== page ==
Ortho surgeons performing spinal surgeries? This case may ruffle the feathers

  • Posted on: 1st June, 2023

The patient was diagnosed with kyphoscoliosis – a spinal deformity – at the age of twelve in 2004. A non-malignant tumour was also reported, which could only be partially resected.

Over the next decade the tumour’s size shrunk. But the boy had difficulty in sitting for long period of time, among other discomforts.

His parents consulted two hospitals, both opined that there was only 50 – 60% chance of correcting the scoliosis. Worried about their ward’s future, they consulted an orthopaedic surgeon at a reputed private hospital. He opined that there was 80 – 90% chance of recovery.

The patient and his parents agreed for surgery. However, their hopes were shattered beyond imagination.

Post-surgery, the patient developed paraplegia. He was shifted to ICU; several tests were performed. To add to the woes, he was diagnosed with pyogenic meningitis.

The patient was referred to another hospital where he remained admitted for a little over six months. But there was hardly any improvement in his condition.

The orthopaedic surgeon and hospital were sued. It was alleged that the doctor did not disclose the risks of surgery and did not take a proper consent. It was also alleged that he presented a rosy picture about his surgical skills and benefits of using neuro-monitoring machine during surgery – which was not used at all. Even a neurosurgeon was not consulted, claimed the boy’s parents.

The doctor and hospital simply narrated the intra-operative and post-operative accounts.

The Commission perused medical records and found glaring lapses on part of the doctor and hospital, observing the following:

“I have perused consent forms and operating surgeon’s prescriptions. The consent for operation lacks the ingredients of informed consent. The risks of paraplegia during kyphoscoliosis surgery were not mentioned or explained. The documents on record are unsigned prescriptions which in my view does not construe as informed consent”.

“It is pertinent to note that patient’s spinal tumour was operated in his childhood – in the year 2004. After span of one decade, in 2014, the spinal scoliosis correction surgery was performed by orthopaedic surgeon. Therefore, in my view, prior to surgery it was his duty to perform nerve conduction studies and neurological assessment. It was also necessary to seek opinion or assistance of a competent neurosurgeon before and during the surgery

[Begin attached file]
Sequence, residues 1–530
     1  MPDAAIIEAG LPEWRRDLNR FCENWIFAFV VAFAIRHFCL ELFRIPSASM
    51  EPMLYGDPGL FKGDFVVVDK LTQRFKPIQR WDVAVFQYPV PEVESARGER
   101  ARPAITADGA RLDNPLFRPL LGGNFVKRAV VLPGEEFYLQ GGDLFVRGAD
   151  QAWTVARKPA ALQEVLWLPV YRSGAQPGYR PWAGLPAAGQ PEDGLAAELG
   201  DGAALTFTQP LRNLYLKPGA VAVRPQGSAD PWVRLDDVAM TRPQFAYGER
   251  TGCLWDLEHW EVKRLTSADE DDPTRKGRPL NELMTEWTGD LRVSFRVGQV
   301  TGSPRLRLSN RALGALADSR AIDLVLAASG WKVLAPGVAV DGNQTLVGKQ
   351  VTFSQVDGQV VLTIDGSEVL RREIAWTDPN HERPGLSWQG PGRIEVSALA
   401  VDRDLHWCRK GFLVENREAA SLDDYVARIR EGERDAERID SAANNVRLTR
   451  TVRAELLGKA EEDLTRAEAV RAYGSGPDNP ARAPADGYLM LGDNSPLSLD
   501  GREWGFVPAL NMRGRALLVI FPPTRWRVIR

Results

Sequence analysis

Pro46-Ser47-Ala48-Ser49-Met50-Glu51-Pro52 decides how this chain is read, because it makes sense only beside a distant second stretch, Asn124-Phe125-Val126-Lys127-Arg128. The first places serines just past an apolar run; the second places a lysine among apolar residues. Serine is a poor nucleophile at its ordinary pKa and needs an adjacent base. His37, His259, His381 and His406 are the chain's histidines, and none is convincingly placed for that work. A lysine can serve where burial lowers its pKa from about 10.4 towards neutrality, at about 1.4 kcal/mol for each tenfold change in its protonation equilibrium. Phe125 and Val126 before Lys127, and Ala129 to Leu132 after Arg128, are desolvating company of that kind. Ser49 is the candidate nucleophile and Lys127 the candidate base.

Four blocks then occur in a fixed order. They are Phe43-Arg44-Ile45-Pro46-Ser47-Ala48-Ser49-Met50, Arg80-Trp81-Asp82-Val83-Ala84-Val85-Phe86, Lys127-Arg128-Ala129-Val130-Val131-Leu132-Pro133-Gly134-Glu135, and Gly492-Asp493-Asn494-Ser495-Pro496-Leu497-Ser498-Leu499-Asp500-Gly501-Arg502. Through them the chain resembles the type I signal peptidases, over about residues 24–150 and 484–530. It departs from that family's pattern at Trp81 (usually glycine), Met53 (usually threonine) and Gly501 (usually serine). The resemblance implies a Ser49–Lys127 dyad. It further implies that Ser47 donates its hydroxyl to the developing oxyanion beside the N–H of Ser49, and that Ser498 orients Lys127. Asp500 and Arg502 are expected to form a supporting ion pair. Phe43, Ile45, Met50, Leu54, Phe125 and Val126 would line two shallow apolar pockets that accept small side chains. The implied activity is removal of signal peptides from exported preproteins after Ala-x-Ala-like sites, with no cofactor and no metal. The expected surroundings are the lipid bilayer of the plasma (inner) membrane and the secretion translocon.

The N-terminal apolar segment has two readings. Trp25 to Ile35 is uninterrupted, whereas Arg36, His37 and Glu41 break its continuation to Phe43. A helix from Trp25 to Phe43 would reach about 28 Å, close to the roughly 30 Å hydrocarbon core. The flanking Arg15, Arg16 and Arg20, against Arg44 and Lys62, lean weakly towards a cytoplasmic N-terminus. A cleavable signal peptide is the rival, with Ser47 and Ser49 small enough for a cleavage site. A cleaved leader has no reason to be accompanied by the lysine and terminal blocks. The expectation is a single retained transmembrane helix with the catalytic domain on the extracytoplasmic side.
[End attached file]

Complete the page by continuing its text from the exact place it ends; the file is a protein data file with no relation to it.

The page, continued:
“The role of orthopaedic surgeon in spinal surgery is restricted to the bony structure or correction of deformity but if there is neural tissue involvement, then the operating team shall consist a neurosurgeon. Moreover, usually patients with congenital scoliosis have spinal cord malformations also. The best age for corrective surgery is 18 years, but it was not very conducive for a patient who was 22 years old unless it was life-threatening. In the instant case the doctor did not seek opinion of neurosurgeon before putting the patient under knife”.

“Admittedly, patient’s parents had chosen the hospital for proposed spinal surgery where neuro-monitoring machine was available and it was emphasized by the doctor that its use prevents any damage to the spinal cord during surgery. It is pertinent to note that the surgery was postponed by a week as the neuro-monitoring machine was under repair. The hospital failed to provide the purchase invoice, installation report, training record of the technician who operated neuro-monitoring machine used during the surgery. They deliberately concealed annual maintenance contract (AMC) service report of the machine which was used; but filed AMC service report of the machine which was not used during the surgery. Also, the statements of the neurotechnologist and neurophysiologist were contradictory to each other about the neuro-monitoring and interpretation of its reports. Moreover, the qualification of neuro-technician raises many doubts”.

The hospital and orthopaedic surgeon were held negligent, and ordered to pay forty lakh rupees compensation to the patient.

Source: Order pronounced by National Consumer Disputes Redressal Commission on 19th December, 2022.